The biggest hurdle in this process, however, is Klinsmann himself. While he has shown an impressive ability to make game-changing substitutions over the years, it’s shocking how often he gets his initial choices wrong. And it’s troubling to see the lack of forethought that goes into many of his decisions.

On Saturday, the U.S. received a boost from Bobby Wood as an extra-time substitute, who wasn’t even on the roster until the day before the game. If Wood had not been added to the roster, what was Klinsmann’s plan if the U.S. needed a late goal and a boost up top—throw on Chris Wondolowski?

Unfortunately, this wasn’t the first time U.S. fans saw a lack of planning by Klinsmann.

Last summer, in a disastrous decision—and one that most coaches would have avoided—the coach failed to bring a like-for-like striker to Brazil for Jozy Altidore. When Altidore went down to injury only minutes into the tournament, the U.S.’ attack plan was thrown out the window for the rest of the competition.

A properly organized coach would have had a “What if?” strategy in the event of an injury to Altidore. Klinsmann’s solution was to push Dempsey and Bradley higher up the field and further away from their natural positions.

In January Klinsmann missed another opportunity to cast a wider net as he filled the January camp roster with 12 potential U-23 players to help that team prepare for Olympic qualification, seemingly prioritizing the youth program over the senior team.

In the past, the January camp has been used to unearth Major League Soccer players who wouldn’t get a look in a normal national team camp and many of those players have gone on to be impact players for the team in important games. Klinsmann himself has done this in the past, but this year Gyasi Zardes was the only “breakthrough” player (and his real impact is debatable).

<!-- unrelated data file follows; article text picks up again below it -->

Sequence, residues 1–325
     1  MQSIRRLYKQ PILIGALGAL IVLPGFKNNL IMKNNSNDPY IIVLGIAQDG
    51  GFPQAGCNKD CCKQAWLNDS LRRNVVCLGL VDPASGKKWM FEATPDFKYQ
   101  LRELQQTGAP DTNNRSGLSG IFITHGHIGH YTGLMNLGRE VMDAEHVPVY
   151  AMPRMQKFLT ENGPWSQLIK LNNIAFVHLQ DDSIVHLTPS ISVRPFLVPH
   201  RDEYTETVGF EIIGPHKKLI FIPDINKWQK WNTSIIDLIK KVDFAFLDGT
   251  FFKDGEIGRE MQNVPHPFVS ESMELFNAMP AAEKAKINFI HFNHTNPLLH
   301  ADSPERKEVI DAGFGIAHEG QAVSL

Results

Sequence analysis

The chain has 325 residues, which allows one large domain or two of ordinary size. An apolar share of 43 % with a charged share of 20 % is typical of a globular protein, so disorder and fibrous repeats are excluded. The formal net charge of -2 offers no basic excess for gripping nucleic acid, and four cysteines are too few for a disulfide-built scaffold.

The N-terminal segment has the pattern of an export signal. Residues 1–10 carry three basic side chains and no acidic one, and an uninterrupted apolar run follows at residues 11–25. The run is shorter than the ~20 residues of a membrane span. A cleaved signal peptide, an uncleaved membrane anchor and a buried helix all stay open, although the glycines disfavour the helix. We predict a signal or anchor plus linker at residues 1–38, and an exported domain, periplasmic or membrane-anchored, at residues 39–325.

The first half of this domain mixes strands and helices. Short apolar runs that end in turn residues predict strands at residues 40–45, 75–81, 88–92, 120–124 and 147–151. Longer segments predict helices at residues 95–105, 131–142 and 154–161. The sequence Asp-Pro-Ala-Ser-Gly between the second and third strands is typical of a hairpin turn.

This summer Klinsmann allowed a number of players to miss the Gold Cup when their clubs asked for them to be given time off. No one can say for sure whether those players would have helped, and the club/country balance is always a difficult one. But if push came to shove, Klinsmann probably would have gotten his way and those players may have helped the U.S. avoid losing to Jamaica in the Gold Cup semifinals and maybe the CONCACAF Cup playoff altogether.

All of this seems more than a little strange considering Klinsmann is considered a talented “big picture” guy. That may be the case, but coming up with ideas and implementing them are two different skill sets.

With World Cup qualifying only a month away, Klinsmann the technical director needs to tell Klinsmann the head coach to drop the older veterans. Players with no realistic shot at being serviceable players in 2018 need to be sent packing in favor of younger players who are already in the pool or pushing for a spot.

Klinsmann isn’t going to get fired—at least not right now—and if we’re honest, he doesn’t have any truly world-class players at his disposal. But there is a core of youngsters who need to be bled into the team to help prepare for the 2018 World Cup.

That time is now.

John D. Halloran is an American Soccer Now columnist. Follow him on Twitter.